“You’d read articles in the papers saying, ‘she must be a lesbian, she must be this, she must be that, she’s a freak’,” Couch says. “You become labelled with this horrible label, just because you want to take part in a ‘man’s sport’.”
Couch’s first bout was in Wigan against a policewoman called Kalpna Shah. “I knocked a copper out and got paid for it,” Couch says. “I think I got £58.”
Before she knew it, ‘the Fleetwood Assasin’ had four fights and four wins to her name. She had very little money, but a growing reputation set up a world title fight against Frenchwoman Sandra Geiger in Copenhagen, in 1996.
Geiger was a big name. She had 29 wins, 29 knockouts. She was the favourite. Couch was not fazed.
“I was convinced I would beat her,” she recalls. “I was like something possessed. I knew by beating her and bringing the world title home it would change.”
Couch did win the belt, and it altered perceptions of her in the UK. But an incident before the Geiger fight provided a stark reminder of just how far away real change was.
After starving herself for the weigh in, all Couch wanted to do was eat. She went to reception armed with vouchers for her long-awaited meal.
“Sorry, the vouchers are only for the fighters,” came the response.
Couch replied: “I am boxing for the world title.”
Silence. Then: “These meal vouchers are only for the male fighters.”
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Most fighters will tell you they can deal with the physical pain of boxing, the jabs, the hooks and the uppercuts. That the most sickening blows take place outside the ring. That the real frustrations are with landing fights, or dealing with agents and promoters. Or in Couch’s case, winning her license to fight in the first place.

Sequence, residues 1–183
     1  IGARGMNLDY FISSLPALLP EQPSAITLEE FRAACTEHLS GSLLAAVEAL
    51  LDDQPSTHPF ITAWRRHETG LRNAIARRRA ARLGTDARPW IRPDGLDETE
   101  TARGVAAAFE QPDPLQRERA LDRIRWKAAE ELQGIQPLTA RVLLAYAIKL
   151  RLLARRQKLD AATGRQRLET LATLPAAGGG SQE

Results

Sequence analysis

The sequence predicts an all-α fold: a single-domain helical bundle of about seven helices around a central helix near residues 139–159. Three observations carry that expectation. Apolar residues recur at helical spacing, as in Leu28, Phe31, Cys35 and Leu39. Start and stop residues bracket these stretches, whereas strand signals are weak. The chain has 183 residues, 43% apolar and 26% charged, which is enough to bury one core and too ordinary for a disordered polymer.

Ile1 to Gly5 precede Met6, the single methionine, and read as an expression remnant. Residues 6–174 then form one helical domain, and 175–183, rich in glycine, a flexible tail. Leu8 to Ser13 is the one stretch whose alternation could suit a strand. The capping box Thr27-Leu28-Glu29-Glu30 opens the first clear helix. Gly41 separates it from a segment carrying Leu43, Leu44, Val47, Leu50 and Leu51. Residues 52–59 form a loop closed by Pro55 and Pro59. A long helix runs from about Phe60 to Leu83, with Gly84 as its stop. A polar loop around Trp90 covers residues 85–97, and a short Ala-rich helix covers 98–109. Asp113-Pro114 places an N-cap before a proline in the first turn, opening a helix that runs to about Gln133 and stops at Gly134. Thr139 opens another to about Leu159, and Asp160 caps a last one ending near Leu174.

She was determined to make change happen. It took her three years to get her day in court. She needed the help of Diana Rose and the late Sarah Lesley, who were both working pro bono, and the backing of the equality opportunity commission.
“It was three women against the establishment, and it was the last male bastion that we knocked down,” Couch says. They were trying to overturn the British Boxing Board of Control’s decision to refuse her license. Part of the reasoning behind that decision was that, being a woman, pre-menstrual syndrome made her ‘too unstable to box’.
Couch had been fighting for around four years. Sometimes overseas, other times in unlicensed bouts in the UK. She was a world welterweight champion, but still portrayed as something of a pariah. The oldest boxing paper in the land, Boxing News, steadfastly refused to cover women’s boxing at that time, because it wasn’t licensed.
In March 1998, Couch was successful in her claim for sexual discrimination against the British Boxing Board of Control. She had won the right to box professionally in the UK. It was a landmark ruling.
“I thought, everything is going to change now, I’ll be able to get on shows at home and get better paid,” Couch says. “It was a great day. I don’t think I’ll ever forget it, we three women hugging each other and thinking we’re going to change everything.
“But then as I was leaving the courtroom Diana said to me: ‘You do realise this is just the beginning.’ And I never knew what she meant, until now.”